Soon after Bill Gates and Paul Allen founded Microsoft, the pair established the audacious goal to put a "computer on every desk and in every home." When the once-unimaginable objective came to fruition it propelled Gates to world fame, fortune, and made his name synonymous with innovation and technology.
More than forty-five years after co-founding Microsoft and helping to launch the information age, Bill Gates appears to remain steadfast in his commitment to innovate and solve of the world's most complicated issues, including those related to climate change, malaria, and the COVID-19 pandemic.
Last March, two days after the World Health Organization declared the coronavirus outbreak a pandemic, Gates announced plans to vacate his seat on Microsoft's board of directors in order to dedicate more time to the Bill and Melinda Gates Foundation, a philanthropic initiative started by the husband-and-wife team in 2000.
A voracious reader and consumer of information, Gates is often found pouring over binders of research about the world's most pressing challenges, something 60 Minutes correspondent Anderson Cooper witnessed when interviewing him.
In 2015, during Africa's Ebola epidemic, Gates' attention focused on pandemic prevention, heeding a poignant warning in a 2015 TED Talk that has been viewed more than 72 million times across streaming platforms.
"If anything kills over 10 million people in the next few decades, it's most likely to be a highly infectious virus rather than a war," Gates told the TED audience. "Not missiles, but microbes. Now, part of the reason for this is that we've invested a huge amount in nuclear deterrents. But we've actually invested very little in a system to stop an epidemic. We're not ready for the next epidemic."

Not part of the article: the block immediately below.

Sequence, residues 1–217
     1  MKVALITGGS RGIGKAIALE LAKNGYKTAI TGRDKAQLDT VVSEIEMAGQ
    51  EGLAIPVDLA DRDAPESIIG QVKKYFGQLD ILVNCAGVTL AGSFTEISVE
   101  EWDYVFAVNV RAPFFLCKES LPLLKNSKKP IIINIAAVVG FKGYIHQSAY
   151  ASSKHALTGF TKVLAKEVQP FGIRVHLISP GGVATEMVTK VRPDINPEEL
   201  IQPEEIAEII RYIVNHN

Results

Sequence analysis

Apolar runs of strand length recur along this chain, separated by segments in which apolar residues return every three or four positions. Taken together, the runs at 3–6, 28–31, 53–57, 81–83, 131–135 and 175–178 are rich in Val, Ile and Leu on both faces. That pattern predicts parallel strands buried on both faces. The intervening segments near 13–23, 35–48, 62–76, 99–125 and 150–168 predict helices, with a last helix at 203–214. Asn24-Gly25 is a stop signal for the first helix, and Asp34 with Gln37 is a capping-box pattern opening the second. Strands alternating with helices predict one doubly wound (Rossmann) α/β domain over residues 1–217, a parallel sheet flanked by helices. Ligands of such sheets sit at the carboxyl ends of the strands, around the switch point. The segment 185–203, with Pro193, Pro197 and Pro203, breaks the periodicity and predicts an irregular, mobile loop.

Gates told 60 Minutes the United States should have made a relatively nominal investment into developing PCR diagnostic testing capacity before it became a dire need.
"You could've rolled the tests out so quickly," Gates said to Cooper. "If you gain a month in terms of having that capacity, it's a completely different epidemic for the country."
Gates said there were "mistakes" in the American response to the pandemic, but the nation's role in vaccine research and development aided the world "immensely."
Thus far, the Food and Drug Administration has only issued Emergency Use Authorization for the Pfizer and Moderna vaccines. Both are mRNA-based vaccines and the first of their kind to be widely distributed outside of clinical trials in the U.S.
Gates and his foundation have long been advocates of mRNA vaccine technology. He hopes its use to combat future medical needs is one of many innovations that will be gained from an otherwise challenging year.
A pandemic year where science took center stage and those skeptical of it tried to sow doubt in the research and expertise of leading scientists.
"We have to make the truth more interesting than the over-simplistic conspiracy," Gates told 60 Minutes. "There may be some need to slow down the crazy stuff. There is a need for innovation to think about how you draw these lines and particularly when you're getting out exposing to strangers something that might draw them into a series of falsehoods."
At 65, innovation remains a central force in Bill Gates' life. Instead of basking in the success of an accomplished career, reflection is replaced with urgency and a desire to complete moonshot initiatives that could save millions of lives and ensure his work will last for generations.
"I don't think legacy motivates anyone," Gates aid to Cooper. "I think about, gosh, I've got, you know, hopefully 20 to 30 years where, you know, can we eradicate malaria in this time-frame? Can we lay the groundwork for a climate solution in this time frame? And so I feel a little bit a sense of urgency that the, you know, anything after 30 years I don't get to be involved in."
The videos above were produced by Keith Zubrow, Sophia Myszkowski and Sarah Shafer Prediger. They were edited by Sophia Myszkowski and Sarah Shafer Prediger.